The former Cistercian abbey of Maulbronn is not only the most complete and best-preserved monastic complex north of the Alps, it is also aparticularly representative example of medieval architecture.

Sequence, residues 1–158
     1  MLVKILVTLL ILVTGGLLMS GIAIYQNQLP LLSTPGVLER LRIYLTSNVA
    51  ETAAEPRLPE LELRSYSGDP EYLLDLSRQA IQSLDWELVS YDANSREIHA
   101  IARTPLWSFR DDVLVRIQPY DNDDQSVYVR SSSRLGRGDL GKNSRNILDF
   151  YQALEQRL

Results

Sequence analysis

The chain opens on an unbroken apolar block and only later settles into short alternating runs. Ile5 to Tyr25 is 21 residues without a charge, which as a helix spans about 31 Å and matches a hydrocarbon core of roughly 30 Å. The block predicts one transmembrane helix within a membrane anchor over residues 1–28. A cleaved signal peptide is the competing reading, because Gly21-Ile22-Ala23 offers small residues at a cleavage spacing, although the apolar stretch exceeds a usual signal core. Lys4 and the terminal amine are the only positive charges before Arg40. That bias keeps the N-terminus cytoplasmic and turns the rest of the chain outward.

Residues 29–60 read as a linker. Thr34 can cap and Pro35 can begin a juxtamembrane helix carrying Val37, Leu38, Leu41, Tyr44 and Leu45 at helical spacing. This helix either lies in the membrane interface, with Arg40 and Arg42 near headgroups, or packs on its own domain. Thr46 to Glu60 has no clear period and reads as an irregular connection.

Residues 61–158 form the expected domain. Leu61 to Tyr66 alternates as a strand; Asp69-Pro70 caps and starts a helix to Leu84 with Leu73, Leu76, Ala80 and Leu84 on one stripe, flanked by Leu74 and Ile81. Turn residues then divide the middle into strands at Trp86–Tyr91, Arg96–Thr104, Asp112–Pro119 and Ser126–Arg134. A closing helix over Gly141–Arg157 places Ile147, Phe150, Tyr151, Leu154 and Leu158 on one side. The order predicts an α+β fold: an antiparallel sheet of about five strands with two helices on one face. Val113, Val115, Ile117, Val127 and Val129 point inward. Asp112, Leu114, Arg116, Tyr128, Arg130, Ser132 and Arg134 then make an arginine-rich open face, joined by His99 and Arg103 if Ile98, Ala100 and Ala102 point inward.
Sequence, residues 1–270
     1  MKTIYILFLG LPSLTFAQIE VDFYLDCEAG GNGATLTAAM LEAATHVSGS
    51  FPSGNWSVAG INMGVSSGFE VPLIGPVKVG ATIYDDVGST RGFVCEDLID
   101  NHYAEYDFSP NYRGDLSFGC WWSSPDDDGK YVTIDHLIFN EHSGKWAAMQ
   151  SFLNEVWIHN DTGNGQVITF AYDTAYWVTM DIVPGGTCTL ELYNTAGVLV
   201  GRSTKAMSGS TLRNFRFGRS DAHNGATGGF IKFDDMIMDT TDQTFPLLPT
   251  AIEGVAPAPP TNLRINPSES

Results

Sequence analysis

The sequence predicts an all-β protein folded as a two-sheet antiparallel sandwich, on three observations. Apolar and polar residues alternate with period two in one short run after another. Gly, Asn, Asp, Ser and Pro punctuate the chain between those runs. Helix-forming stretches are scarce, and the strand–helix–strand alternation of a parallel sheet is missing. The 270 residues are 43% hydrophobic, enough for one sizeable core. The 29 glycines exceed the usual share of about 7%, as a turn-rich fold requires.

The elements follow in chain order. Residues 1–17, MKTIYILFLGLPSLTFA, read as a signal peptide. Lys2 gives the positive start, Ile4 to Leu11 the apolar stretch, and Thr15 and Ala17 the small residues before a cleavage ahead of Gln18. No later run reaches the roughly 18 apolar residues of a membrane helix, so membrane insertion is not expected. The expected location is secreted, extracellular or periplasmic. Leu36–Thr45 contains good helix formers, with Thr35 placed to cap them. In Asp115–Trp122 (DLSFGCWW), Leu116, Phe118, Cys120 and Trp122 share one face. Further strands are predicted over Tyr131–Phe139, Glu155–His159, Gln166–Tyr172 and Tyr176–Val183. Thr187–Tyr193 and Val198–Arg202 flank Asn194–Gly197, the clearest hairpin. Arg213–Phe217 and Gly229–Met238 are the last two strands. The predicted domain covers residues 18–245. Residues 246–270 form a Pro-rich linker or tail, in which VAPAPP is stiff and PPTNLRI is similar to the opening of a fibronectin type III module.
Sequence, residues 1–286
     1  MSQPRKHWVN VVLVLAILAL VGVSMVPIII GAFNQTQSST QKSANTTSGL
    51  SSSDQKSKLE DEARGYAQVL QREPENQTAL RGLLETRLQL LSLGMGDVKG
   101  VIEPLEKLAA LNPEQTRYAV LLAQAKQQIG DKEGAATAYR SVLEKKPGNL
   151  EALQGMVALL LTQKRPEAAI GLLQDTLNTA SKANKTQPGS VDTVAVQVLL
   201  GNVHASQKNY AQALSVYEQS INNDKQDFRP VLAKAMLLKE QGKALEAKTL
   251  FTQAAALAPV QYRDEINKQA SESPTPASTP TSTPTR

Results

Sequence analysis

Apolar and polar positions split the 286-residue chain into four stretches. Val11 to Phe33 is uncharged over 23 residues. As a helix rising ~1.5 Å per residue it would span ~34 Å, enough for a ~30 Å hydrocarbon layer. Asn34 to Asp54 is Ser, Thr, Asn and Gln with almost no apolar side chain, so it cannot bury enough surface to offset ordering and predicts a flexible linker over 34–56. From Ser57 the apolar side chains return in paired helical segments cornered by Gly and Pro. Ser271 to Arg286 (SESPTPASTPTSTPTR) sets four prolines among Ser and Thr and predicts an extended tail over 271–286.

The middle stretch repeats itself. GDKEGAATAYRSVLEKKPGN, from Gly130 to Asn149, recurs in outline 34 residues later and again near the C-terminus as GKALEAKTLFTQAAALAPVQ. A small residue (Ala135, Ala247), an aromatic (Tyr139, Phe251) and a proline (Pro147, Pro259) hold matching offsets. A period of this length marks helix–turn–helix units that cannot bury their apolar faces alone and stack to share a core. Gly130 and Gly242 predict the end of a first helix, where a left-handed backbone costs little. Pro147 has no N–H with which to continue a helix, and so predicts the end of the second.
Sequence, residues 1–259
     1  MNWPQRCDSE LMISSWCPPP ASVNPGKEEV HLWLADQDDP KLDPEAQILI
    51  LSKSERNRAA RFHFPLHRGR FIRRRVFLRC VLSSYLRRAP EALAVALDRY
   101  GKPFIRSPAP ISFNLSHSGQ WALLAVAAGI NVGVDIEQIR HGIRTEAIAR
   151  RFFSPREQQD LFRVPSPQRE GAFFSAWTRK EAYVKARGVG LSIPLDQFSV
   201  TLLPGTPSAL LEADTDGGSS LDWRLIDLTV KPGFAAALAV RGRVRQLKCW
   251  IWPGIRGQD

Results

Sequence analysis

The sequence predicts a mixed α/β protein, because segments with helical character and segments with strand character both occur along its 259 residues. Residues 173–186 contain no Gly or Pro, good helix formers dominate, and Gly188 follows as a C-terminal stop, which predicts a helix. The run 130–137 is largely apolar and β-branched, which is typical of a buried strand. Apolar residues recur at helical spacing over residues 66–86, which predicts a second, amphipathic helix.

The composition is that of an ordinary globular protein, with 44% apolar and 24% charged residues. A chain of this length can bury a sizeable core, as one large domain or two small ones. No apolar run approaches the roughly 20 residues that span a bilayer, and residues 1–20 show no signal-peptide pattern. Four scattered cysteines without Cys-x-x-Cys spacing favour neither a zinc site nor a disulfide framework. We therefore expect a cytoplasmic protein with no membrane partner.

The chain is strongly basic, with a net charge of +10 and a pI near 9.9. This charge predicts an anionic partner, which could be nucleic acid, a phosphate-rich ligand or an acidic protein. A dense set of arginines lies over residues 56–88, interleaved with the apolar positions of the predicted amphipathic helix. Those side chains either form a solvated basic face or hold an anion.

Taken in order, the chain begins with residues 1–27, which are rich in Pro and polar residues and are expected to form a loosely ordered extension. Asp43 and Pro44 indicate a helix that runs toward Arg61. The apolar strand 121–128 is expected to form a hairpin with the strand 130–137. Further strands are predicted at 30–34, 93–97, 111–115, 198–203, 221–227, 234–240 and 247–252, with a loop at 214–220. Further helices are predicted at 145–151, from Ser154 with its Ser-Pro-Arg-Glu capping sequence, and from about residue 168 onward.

Construction of the monastery began in 1147, and its triple-naved Romanesque basilica was dedicated to the Virgin Mary in 1178. The monks’ chancel is made from oak and furnished with richly decorated choir stalls. At the start of the 13th century, the church acquired a triple-naved portico, also known as ‘Paradise’. Built in a style characteristic of the transition from the Romanesque to the Gothic period, its wide double arches open onto the courtyard. To this day, the abbey courtyard is surrounded by a fortified wall, which incorporates a number of towers, living quarters and outbuildings. In 1556 the abbey was converted into a Protestant monastery school, attended by such historic figures as Johannes Kepler, Hermann Hesse and Friedrich Hölderlin.